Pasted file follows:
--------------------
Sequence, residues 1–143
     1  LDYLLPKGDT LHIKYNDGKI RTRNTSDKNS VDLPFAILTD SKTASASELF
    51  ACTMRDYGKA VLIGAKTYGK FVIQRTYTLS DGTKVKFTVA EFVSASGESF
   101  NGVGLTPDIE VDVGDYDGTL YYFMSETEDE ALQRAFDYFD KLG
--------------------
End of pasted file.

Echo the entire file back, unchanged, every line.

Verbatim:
Sequence, residues 1–143
     1  LDYLLPKGDT LHIKYNDGKI RTRNTSDKNS VDLPFAILTD SKTASASELF
    51  ACTMRDYGKA VLIGAKTYGK FVIQRTYTLS DGTKVKFTVA EFVSASGESF
   101  NGVGLTPDIE VDVGDYDGTL YYFMSETEDE ALQRAFDYFD KLG